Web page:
Modern technology has created important challenges to old paradigms when it comes to workplace conduct. The internet allows basically anyone on earth to become a famous writer. Most of the opinions and literature are posted in relatively well controlled social media outlets such as Twitter, Facebook, LinkedIn and others. According to a recent poll, Canadian teens and young adults are the heaviest users of social networking sites with 83% of 13 to 17 year olds, and 74% of 18- to 29-year olds having visited at least one such site. Six in ten people in their thirties have visited at least one social networking site and 45% of people in their forties have done so.1
However full of benefits it may be, social media also carries its own risks, challenges and potential for abuse. Just recently, many have voiced outrage at how Facebook may have conducted psychological experiments with hundreds of thousands of users, without their consent, measuring one's ability to manipulate emotions by posting positive or negative news on their newsfeeds.2
Users of social networking websites will normally provide a host of personal information in a profile, including posting photos and expressing various free-floating thoughts. The problem with social media is that it is not always clear when the message is intended to be public or private and many users often do not realize that they are effectively making their private life part of the public domain. Certain privacy settings allow users to make their profiles and posts open only to a select number of chosen 'friends' but even here, the level of privacy that can be achieved is far from evident. For example, in the cases of Murphy v. Perger3 and Leduc v. Roman,4 the Ontario Superior Court held that a person with hundreds of friends on a social media outlet can have no reasonable expectation of privacy for elements freely posted on that site.
In the context of employment law, the use of social media as a forum for free expression raises a number of issues: to what extent can an employee use social media during working hours? Are employees limited in what they can write and post on social media outlets in relation to their work and colleagues? What about employers – can they insist on disclosure of passwords to social media sites as a condition of employment? Are employers allowed to use technology to monitor their employees at work?
While social media per se remains largely unregulated in Canada, the use of social media in relation to employment is indirectly impacted by privacy and human rights legislation in Canada and the web of multiple laws, common law principles and regulations that comprise it.
The Canadian approach to privacy protection today lies closer to the European model of an all-encompassing overriding legislation, versus the US approach which delivers peaks and valleys of protection. In Canada, there are privacy laws that are applicable to public sector organizations,5 while others apply to the private sector.6 Also, by virtue of the existence of two levels of government (federal and provincial), Canadian privacy laws apply under federal law on the one hand, and under the laws of various Canadian provinces on the other, as is further explained below.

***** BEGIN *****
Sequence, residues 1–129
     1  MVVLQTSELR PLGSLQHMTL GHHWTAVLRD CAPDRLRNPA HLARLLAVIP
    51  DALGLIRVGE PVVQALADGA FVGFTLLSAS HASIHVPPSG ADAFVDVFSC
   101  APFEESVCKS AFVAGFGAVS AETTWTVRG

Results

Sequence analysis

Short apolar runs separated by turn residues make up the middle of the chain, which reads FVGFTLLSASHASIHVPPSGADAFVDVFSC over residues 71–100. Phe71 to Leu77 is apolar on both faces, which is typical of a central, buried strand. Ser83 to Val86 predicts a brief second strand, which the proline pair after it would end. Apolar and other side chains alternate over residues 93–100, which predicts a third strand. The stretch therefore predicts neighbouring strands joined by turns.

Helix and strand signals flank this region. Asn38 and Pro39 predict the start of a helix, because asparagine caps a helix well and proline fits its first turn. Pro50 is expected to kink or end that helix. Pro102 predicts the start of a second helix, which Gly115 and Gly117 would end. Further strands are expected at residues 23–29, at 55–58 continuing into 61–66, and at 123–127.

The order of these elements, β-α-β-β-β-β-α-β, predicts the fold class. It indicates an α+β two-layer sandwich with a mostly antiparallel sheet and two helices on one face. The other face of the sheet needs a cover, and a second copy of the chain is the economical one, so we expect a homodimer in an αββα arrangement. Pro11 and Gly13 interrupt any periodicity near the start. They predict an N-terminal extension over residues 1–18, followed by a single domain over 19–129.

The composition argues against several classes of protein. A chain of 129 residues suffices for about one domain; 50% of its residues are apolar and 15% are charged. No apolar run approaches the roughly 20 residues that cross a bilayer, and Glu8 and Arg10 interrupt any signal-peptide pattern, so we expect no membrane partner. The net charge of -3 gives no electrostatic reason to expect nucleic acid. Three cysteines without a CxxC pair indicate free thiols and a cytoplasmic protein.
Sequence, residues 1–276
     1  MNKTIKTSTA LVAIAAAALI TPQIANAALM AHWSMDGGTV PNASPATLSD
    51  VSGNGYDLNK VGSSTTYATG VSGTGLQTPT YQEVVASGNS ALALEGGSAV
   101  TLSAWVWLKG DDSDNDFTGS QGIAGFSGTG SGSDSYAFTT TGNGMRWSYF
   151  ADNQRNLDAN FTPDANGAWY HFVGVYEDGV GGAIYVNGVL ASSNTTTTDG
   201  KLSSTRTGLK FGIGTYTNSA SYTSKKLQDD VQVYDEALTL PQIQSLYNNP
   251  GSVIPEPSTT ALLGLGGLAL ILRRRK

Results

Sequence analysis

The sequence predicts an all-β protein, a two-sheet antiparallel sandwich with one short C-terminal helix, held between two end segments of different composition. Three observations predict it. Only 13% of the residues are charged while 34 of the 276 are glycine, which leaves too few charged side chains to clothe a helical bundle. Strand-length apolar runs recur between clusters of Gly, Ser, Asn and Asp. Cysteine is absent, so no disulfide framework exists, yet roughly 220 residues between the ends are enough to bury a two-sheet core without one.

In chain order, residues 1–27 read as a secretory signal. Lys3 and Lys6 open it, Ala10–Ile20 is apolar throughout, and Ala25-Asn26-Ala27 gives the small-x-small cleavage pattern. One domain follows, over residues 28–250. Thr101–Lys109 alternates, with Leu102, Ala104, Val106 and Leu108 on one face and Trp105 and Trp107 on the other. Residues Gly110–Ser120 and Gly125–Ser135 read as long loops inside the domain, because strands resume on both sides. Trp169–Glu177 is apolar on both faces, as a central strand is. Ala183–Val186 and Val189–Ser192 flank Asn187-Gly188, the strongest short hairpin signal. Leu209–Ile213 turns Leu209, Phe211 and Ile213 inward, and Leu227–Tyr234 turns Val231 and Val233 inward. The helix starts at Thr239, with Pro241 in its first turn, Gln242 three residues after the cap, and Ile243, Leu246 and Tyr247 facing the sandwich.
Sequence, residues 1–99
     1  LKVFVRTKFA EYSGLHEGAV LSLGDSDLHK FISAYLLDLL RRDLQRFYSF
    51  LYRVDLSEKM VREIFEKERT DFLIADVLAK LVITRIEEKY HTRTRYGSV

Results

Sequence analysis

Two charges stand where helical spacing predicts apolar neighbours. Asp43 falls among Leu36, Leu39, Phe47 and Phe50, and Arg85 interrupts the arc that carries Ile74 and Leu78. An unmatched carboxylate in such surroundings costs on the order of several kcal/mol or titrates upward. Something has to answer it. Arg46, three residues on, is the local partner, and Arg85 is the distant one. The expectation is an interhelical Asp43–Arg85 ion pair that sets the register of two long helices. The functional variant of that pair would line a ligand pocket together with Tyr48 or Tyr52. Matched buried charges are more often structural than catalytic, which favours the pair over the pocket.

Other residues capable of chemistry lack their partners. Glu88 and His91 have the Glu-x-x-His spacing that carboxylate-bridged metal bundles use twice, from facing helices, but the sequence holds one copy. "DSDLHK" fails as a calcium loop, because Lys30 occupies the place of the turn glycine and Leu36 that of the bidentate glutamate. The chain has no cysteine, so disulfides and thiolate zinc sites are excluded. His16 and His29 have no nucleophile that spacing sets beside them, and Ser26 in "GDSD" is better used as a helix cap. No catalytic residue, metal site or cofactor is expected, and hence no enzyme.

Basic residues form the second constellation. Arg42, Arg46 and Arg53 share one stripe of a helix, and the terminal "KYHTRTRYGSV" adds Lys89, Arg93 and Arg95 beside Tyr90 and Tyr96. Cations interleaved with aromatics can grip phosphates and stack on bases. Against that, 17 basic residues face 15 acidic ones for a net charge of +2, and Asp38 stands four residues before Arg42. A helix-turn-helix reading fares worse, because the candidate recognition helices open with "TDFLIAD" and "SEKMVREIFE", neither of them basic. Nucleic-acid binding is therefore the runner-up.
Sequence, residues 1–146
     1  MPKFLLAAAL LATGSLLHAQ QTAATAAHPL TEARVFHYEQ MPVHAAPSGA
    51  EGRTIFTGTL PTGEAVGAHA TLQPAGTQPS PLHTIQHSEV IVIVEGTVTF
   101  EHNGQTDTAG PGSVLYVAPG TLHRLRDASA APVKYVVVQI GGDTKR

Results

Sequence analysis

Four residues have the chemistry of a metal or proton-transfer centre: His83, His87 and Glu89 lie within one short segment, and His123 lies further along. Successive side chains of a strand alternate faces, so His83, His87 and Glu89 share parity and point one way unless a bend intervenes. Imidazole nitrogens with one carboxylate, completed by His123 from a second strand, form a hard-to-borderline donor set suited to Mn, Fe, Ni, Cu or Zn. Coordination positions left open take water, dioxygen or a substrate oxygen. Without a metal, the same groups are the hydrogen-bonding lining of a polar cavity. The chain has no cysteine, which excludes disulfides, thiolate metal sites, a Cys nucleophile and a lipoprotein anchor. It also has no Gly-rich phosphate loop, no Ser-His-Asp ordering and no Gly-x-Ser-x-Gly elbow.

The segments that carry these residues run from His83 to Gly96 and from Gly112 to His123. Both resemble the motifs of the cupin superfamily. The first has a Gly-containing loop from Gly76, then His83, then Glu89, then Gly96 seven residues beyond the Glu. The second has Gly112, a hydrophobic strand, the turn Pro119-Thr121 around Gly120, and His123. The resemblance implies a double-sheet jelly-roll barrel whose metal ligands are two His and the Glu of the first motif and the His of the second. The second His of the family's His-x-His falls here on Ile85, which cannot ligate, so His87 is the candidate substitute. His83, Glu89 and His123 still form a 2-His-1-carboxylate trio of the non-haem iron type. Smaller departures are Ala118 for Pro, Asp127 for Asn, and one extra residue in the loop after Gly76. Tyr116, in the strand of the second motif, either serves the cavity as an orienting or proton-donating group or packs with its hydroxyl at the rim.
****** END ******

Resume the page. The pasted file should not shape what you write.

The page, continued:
§5.02 USAGE OF SOCIAL MEDIA BY EMPLOYERS (TO COLLECT INFORMATION ON THE EMPLOYEE)
[A] General Regulations on the Usage of Social Media under Data Protection or Privacy Laws in the Country
Canada has adopted a European-inspired non-fragmented approach to the collection of personal information in the private sector.
In 2000, the Federal Personal Information Protection and Electronic Document Act (PIPEDA)7 was enacted and intended to apply to every private sector employer that 'collects, uses and discloses personal information in the course of a commercial activity'. PIPEDA applies to federal works and undertakings and to commercial transactions in every province, except those that have enacted 'substantially similar' privacy legislation. To date, of the thirteen provinces and territories in Canada, only Alberta, British Columbia, Manitoba and Quebec have enacted substantially similar privacy laws of general application. In 1994, Quebec had already introduced its Act Respecting the Protection of Personal Information in the Private Sector (the 'Quebec Act'), the first legislation of its kind in North America, as a direct response to the EU's directive on data protection. There is also the British Columbia Personal Information Protection Act8 (the 'BC Act') and the recently enacted Manitoba private sector privacy legislation, The Personal Information Protection and Identity Theft Prevention Act9 (the 'Manitoba Act'). The Alberta Personal Information Protection Act10 (the 'Alberta Act') is currently being revised after having been declared unconstitutional by the Supreme Court of Canada in the case of Alberta (Information and Privacy Commissioner) v. United Food and Commercial Workers, Local 401.11 In that case, the Court found that the privacy protection in the Alberta Act could not go so far as to prohibit a union from taking and publishing pictures of strike breakers, as this would violate the guarantee of freedom of expression under the Canadian Charter of Rights and Freedoms.12
The phrase 'in the course of a commercial activity' is not precisely defined in PIPEDA. It is generally accepted that a commercial activity must have a transaction-based component, meaning it includes not only activities conducted in the normal course of business, but any particular transaction or conduct that has a commercial character.13
Thus, PIPEDA has limited or no application to non-commercial organizations such as not-for-profit entities and charities. This creates a gap in Canadian law: non-commercial activities operating exclusively in a province that has not enacted privacy legislation are not regulated by PIPEDA (or any other privacy law for that matter). However, this void is largely filled by the common law applicable in each province and human rights legislation of general application.
PIPEDA defines 'personal information' broadly to mean any information about an 'identifiable individual', except for an individual's name, title, business address or telephone number. Personal information also includes information that indirectly, through association of bits of information and through inferences, constitutes information about an identifiable individual. This definition is large enough to encompass a wide range of employment-related information, including the employee's home address and phone number, social insurance number, identification number and security passwords, date of birth, income, personal interests and hobbies, prior work record, loan and credit information, criminal record, racial background, sexual orientation and medical record – clearly many of the things that one can find on a social media site.